Step 3. After the wash, Codex Grey was applied again to the raised areas to neaten up and form the basis of the highlight stages.

Step 1. A glaze, made from watered-down Liche Purple, was applied around the bottom portions of the armour plates.

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You Will Need For this issue’s ’Eavy Metal Masterclass we’ve really got something really special as Joe Tomaszewski paints the 2009 Games Day Miniature.
All of these paints are available from the Citadel Colour, Wash and Foundation ranges.
Chaos Black Spray Bleached Bone Codex Grey Chaos Black Hawk Turquoise Kommando Khaki Liche Purple Regal Blue Scab Red Scorched Brown F F W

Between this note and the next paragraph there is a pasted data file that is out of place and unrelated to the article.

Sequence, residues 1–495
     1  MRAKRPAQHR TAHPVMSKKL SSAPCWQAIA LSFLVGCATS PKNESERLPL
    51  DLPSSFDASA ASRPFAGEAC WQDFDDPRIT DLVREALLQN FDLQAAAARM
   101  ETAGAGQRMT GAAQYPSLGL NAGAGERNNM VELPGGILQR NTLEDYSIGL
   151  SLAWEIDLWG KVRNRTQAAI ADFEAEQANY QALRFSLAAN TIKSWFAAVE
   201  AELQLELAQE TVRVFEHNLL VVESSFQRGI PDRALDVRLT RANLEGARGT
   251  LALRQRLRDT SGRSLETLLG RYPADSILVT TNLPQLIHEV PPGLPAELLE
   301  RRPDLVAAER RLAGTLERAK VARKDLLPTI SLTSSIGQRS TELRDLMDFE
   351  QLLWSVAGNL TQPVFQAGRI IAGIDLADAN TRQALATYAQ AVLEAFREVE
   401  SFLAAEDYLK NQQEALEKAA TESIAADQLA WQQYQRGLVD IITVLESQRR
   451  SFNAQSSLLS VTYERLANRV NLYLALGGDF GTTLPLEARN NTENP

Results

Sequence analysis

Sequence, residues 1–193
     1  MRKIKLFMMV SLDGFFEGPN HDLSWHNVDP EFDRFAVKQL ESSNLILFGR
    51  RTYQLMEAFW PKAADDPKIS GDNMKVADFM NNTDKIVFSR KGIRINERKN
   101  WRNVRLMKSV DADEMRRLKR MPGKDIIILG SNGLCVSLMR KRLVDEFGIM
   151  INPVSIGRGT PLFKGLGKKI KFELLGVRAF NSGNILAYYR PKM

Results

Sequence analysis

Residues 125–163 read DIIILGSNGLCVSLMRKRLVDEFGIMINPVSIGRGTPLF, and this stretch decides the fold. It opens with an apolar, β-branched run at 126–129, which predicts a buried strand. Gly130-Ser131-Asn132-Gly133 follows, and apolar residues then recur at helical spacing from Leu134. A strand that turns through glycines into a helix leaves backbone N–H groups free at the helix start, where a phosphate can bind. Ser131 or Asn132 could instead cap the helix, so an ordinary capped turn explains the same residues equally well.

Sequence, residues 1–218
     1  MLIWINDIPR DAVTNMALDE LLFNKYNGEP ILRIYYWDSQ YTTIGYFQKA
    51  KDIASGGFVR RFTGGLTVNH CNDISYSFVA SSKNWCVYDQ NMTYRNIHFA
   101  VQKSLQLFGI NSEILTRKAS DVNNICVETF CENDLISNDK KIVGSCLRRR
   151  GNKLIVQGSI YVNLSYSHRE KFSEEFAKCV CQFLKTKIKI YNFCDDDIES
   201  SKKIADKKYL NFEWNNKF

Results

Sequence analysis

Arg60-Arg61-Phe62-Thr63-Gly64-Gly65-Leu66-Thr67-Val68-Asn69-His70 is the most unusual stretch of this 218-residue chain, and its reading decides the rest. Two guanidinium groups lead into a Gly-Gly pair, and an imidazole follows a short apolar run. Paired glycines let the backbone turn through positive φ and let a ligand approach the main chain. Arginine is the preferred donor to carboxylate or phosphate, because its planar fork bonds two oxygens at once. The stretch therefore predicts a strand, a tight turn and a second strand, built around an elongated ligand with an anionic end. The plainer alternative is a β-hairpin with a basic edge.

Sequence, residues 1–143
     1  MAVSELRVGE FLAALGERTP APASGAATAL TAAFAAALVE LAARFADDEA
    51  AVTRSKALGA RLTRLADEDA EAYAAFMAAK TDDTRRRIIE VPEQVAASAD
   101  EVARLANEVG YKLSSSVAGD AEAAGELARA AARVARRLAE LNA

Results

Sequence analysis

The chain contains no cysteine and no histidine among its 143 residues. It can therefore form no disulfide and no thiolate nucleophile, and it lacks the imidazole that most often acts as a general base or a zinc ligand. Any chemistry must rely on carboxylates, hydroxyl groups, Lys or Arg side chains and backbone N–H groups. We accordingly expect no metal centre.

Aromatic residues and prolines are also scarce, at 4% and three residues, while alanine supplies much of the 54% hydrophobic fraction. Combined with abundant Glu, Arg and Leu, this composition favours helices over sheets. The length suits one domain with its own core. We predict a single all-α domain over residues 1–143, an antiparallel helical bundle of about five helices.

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Wash: W Foundation: F
Skull White Snakebite Leather Astronomican Grey Dheneb Stone Baal Red Step 4. A 2:1 mix of Codex Grey and Skull White was next, finely applied along the angle lines of the armour plates. Step 5. For the next layer the mix was reversed, so it was a 2:1 mix of Skull White and Codex Grey, again working up the highlight lines already established. Step 6. Dots of pure Skull White were then applied at points where the highlight lines met to represent points of direct reflection. Step 2. A light glaze using Hawk Turquoise overlaid this. It’s a very subtle layer but gives the armour an arcane quality.